Sir: Roger Bannister remarks (report, 14 September) that "black sprinters, and black athletes in general, all seem to have certain natural anatomical advantages", and he asserts that the "black race" (not defined) has through some magical evolutionary process, coupled with some hot weather, produced a "race" of ready-made sprinters. It may come as a shock to Sir Roger, and a good deal many of your readers, to learn that biologically distinct "races" do not exist.
"Races" are social constructs and have no relevance, therefore, as indicators for human behaviour, sporting or otherwise. In your leader you astonishingly suggest that anyone who resists Sir Roger's inaccurate conclusions are themselves white supremacists who cannot face the facts. This is utter nonsense, for it is the belief in the existence of "races" and their alleged influence on human behaviour which is itself racist.
Far from exposing the fallacy of Sir Roger's claims, your leader appears to endorse them, even quoting "American experts" who have argued that the rigours of slavery somehow "bred" a kind of "super Negro", ready to do battle on the worlds sporting arenas. The historical material we have available, however, reveals that those who survived the "middle passage" and the subsequent horrors of plantation life and slavery did so by recourse to their cognitive capabilities and not their brute strength.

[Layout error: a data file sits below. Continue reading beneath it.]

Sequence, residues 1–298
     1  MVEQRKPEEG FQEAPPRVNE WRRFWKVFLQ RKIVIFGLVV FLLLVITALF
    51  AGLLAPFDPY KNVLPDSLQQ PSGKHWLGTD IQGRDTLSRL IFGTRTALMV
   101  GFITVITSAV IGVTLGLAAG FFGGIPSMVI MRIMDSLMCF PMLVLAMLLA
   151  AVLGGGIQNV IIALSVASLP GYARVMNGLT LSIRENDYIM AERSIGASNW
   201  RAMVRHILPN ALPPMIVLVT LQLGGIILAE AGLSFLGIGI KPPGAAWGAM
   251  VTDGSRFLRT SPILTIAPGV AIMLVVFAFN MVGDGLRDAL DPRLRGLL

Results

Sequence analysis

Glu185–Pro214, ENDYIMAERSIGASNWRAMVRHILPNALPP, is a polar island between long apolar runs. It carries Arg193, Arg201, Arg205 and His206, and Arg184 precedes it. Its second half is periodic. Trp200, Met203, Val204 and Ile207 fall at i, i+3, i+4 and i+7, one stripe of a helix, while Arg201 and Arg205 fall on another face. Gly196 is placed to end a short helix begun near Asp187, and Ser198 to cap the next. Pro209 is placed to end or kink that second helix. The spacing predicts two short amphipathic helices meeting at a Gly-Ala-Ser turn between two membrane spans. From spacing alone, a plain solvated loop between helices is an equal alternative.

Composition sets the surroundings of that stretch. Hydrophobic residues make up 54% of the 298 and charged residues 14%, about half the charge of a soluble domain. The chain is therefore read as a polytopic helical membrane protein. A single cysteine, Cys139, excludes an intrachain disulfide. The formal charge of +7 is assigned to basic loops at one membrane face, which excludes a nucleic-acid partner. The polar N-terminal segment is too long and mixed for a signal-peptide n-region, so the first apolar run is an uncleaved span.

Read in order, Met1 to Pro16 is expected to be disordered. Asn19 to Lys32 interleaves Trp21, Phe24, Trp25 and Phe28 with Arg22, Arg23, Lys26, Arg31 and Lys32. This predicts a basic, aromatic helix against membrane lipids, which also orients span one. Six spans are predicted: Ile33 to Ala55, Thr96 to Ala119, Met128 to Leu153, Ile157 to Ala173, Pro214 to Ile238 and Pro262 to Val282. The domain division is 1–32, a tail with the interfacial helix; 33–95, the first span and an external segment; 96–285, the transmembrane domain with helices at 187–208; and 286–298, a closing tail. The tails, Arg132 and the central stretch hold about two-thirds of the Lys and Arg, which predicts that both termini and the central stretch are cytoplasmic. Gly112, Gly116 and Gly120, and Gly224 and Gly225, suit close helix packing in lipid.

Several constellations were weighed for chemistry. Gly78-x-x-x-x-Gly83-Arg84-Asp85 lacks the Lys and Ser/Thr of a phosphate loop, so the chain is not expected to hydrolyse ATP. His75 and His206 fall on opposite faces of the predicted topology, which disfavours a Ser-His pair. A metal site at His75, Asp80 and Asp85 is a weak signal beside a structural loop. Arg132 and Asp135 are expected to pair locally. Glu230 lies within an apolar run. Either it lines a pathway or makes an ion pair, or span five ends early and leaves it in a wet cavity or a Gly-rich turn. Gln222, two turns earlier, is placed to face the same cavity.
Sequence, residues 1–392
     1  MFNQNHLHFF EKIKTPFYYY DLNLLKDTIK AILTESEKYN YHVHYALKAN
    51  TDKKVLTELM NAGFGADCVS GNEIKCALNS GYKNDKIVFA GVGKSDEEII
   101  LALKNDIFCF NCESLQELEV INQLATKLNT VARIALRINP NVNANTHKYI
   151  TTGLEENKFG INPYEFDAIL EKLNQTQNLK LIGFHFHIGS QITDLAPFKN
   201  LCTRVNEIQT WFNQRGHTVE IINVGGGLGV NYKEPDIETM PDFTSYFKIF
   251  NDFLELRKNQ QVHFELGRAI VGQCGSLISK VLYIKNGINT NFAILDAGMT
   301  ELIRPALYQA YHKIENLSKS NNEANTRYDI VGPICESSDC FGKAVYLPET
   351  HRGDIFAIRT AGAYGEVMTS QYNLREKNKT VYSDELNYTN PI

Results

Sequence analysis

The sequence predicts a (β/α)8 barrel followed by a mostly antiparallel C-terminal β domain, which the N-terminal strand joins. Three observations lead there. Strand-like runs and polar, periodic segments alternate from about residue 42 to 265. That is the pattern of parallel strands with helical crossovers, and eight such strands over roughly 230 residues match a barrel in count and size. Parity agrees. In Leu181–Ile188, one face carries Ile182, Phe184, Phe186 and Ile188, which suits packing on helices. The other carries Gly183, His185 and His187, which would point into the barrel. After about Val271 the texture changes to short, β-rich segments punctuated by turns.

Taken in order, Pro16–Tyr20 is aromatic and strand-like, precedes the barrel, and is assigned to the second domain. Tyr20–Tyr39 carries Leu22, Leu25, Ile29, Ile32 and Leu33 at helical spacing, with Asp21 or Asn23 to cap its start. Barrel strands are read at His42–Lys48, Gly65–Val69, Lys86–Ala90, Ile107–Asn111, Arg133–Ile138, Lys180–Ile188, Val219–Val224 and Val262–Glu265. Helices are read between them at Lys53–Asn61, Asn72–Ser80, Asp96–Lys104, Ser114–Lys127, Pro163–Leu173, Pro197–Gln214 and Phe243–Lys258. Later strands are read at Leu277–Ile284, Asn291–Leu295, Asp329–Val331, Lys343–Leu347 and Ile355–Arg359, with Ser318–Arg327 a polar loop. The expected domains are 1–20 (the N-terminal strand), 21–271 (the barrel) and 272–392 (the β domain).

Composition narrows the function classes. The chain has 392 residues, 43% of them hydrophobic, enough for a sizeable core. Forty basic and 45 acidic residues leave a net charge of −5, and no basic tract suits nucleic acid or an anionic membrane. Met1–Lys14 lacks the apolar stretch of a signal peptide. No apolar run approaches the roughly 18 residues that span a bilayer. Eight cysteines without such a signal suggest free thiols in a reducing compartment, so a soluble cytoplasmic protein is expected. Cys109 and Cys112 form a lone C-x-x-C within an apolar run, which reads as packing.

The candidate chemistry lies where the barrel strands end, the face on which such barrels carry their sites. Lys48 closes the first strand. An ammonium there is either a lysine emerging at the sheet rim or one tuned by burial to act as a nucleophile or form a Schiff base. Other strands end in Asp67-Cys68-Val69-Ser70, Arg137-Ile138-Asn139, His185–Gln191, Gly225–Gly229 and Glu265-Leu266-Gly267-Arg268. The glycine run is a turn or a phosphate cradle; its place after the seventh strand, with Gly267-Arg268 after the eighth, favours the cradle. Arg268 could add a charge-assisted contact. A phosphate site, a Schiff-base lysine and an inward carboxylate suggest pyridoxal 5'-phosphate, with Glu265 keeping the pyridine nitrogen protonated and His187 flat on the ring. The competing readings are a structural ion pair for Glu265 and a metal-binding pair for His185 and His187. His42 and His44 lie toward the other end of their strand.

Your final comment that "sport has always been, and still is, one of the few ways out of poverty for members of some minority communities" is one of the oldest lies. You may as well advise the black youth of our cities to play the National Lottery as a way "out of the ghetto", for their chances of becoming a Linford Christie are about the same and the financial rewards significantly greater.
If we want, as you claim, to start a serious discussion about the over- representation of certain ethnic groups in particular sports, we should begin by examining the well-documented channelling of black youth into sports at school; the presence of discrimination against non-white groups in some sports; the effects of socio-economic conditions on people's lifestyle choices; and, of course, the misguided belief among some white athletes that they will never succeed in certain sports because of the genes of their ancestors.
School of Leisure and
Leeds Metropolitan University
The writer is a sports sociologist.Reuse content